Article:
As we went in the month of May the jungle safari was closed…so we went for river rafting the next morning which then we found was like boating in rafts with very few rapids..(One cant compare it with Rishikesh)
In the national park I could only spot a pig.. no other animal…sad..but we went there only for a night stay and not for a safari actually…
After lunch we proceeded for Bomdila in Arunachal. On the way comes Tipi. Tipi is said to be Asia’s second largest Orchid’s Sanctuary but the sad part to all this was that it wasn’t the blooming season. So there were very few orchids, but we got to see Pitcher Plant(the insect eating plant),lily’s etc….( I am bad with names). Tipi was a place where I got to experiment my photography skills with my new SLR camera.
The plains of Assam were now replaced by hilly terrains of Arunachal. The Rain Forest had begun… it is dense and a mixture of coconut, banyan, pine, rhododendrons, ferns and much more. I was astonished to see banyan and coconut trees in Arunachal (never expected them to be there). The roads here are empty. The driver was managing to drive at the speed of 60km/hr through the hilly terrains. Late evening we arrived at Bomdilla. It was raining and the weather was chilly cold.
Bomdilla also known as Bomdilla Dzong (Dzong stands for administrative headquarters) is a Tibetan cultured town. Most of the people in Arunachal are Buddhist, very few Hindu’s . I dint find any church or mosque so have no idea about existence of any Christians or Muslims. I was also wondering how much British penetrated in this area because I dint find any British architecture or history reference given by the locals. Bomdilla town does not have much to see except a Monastery.
Our trek was scheduled to begin after the sight seeing and breakfast but due to blasting taking place in that area we drove up to Thembang through a kaccha road and skipped a day of trekking. As it is, the trek was for 5 days now it came to 4. . Must say that this trek was the luxurious trek I had ever done
Thembang is a Tribal Village nowhere on the map of Arunachal. The village is beautiful and so are the people. I had heard so much about Arunachal being a under developed state but it dint really showed any signs of that. Most of the younger lot was studying till 12th arts (since there are no science college around) and many of them are pursuing bachelor’s degree. Every tribe that we visited had a school. Most of the young men either worked for the army or worked in the farms. I dint find them poor and women were at par to men. I was impressed.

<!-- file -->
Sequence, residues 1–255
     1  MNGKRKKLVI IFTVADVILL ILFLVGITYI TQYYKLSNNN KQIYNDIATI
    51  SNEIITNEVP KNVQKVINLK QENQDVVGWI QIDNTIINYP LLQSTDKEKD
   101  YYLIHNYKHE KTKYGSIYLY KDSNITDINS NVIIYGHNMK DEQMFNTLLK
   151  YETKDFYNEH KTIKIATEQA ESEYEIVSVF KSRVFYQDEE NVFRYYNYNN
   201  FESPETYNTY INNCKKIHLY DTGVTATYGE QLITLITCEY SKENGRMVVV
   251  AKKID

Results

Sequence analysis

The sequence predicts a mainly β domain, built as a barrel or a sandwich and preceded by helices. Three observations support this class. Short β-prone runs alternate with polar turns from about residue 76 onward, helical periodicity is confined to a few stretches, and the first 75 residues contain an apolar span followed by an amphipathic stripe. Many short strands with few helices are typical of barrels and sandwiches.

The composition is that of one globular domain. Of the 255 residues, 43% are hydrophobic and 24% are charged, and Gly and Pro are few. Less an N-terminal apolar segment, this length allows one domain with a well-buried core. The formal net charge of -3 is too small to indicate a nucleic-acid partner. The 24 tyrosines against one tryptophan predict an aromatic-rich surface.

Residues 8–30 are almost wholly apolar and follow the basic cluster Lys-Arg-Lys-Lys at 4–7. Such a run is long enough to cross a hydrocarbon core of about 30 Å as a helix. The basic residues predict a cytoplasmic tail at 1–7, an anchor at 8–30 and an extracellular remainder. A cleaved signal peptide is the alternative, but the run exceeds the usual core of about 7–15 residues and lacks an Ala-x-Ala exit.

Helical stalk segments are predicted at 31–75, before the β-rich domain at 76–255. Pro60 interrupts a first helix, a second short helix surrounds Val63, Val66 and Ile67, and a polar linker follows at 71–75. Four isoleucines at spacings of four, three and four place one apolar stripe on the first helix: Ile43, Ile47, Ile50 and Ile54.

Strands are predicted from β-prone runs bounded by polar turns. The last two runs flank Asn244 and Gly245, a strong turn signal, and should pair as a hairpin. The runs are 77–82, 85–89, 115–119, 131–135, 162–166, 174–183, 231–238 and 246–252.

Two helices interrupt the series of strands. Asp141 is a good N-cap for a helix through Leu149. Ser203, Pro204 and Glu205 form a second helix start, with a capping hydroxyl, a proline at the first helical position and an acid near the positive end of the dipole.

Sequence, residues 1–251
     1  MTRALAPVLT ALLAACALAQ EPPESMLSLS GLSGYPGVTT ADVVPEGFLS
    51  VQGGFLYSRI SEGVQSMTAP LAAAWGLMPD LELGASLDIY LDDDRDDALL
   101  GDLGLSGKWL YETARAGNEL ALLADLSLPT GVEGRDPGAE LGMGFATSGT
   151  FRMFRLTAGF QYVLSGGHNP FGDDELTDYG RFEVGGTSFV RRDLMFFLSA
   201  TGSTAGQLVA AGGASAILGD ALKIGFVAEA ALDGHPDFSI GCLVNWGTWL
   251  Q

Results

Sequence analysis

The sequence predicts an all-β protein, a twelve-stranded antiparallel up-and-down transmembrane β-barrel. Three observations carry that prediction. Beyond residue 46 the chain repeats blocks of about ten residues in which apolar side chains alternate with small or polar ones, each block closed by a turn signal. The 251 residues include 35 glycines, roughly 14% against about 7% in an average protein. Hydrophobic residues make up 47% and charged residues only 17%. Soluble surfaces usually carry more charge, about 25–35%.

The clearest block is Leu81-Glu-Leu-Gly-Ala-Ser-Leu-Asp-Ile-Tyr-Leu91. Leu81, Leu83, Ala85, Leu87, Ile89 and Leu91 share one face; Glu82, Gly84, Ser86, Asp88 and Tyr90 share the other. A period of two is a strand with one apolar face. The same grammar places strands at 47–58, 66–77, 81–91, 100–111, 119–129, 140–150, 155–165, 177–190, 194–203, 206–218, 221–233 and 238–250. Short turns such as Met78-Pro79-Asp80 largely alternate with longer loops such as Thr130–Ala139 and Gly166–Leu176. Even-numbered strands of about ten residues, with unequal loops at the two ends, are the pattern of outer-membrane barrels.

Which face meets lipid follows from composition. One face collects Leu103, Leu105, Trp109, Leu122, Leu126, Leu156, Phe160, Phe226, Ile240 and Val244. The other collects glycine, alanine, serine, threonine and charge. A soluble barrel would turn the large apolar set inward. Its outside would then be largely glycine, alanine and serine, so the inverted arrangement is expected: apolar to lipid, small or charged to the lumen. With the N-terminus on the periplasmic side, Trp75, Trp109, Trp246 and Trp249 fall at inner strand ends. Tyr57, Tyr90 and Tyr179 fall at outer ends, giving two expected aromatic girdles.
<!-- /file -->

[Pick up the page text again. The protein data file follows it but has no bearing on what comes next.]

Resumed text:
Thembang village has a nice age-old entrance. The people from West Kameng and Tawang District are from Monpa Community(Tribe). There is some history behind the Monpa Community that our guide was explaining but his accent was very diffcult to interpret. I could understand the shorter lines that he said but was unable to get the paragraphs. There is no property business in these villages i.e no ownership. Everything is controlled by the panchayat(they have a different name for it). Another interesting fact is the way the funeral of Monpa people takes place. They cut the head of the dead and then cut the rest of the body in 108 pieces and then immerse the head along with the body parts in a river. When I heard this I was stunned for a moment. We visited a local house in that tribe to see how they live. There was Yaks meat hanged in one of the corner of the living room. They dry the meat and eat it throughout the year. What was surprising that it dint stink. A cute looking old woman offered us a drink called Chang. Chang is rice beer and it smells awful. No need to raise your eyebrows I dint drink it but the locals drink it like water…. I think that’s what gives them energy to live the day.
There is so much to write about thembang but I think I should limit here. Its just a small tribe but it touched me…. don’t know why.
The next day we proceeded for Pangma. This time I wasent carrying a sack, we had hired Khacchars( mix breed of horse and donkey). I must say this trip was getting luxurious day by day because road to Pangma was actually a road and not a trek route. But that was where we first got close to the jungle and saw rhododendrons and ate wild strawberries. It took us approx 2 hours to reach Pangma and we complained to the guide “is this a trek” and he went mad.
Pangma campsite was amazing just like a paradise. A nice view of the valley (wasn’t that deep as it sounds) , clouds running in and out and what made the day was a perfect semi circled rainbow. I was overjoyed when I saw it.
In the evening we went for a walk to Semnak Village. It wasn’t a kaccha road this time. Semnak is a congested tiny tribe. A very nasty incident happened in Semnak when we were posing for photographs with the locals and suddenly god knows what happened the lady sitting next to me just ran off and a ugly looking old man popped in the picture and took hold of my shoulder and held it real tight and posed for the picture with all his teeth’s out. For a second I had no idea what to do. My face was worth seeing (guess someone from my group has taken a picture too). I was trying to get off his hands from my shoulder but his hold was getting tighter and tighter. I somehow managed to run away from that place. That man might not have brushed for years. Since then I was keeping distance with the locals. That incident was the hot topic for couple of days and we laughed hysterically whenever we remembered it.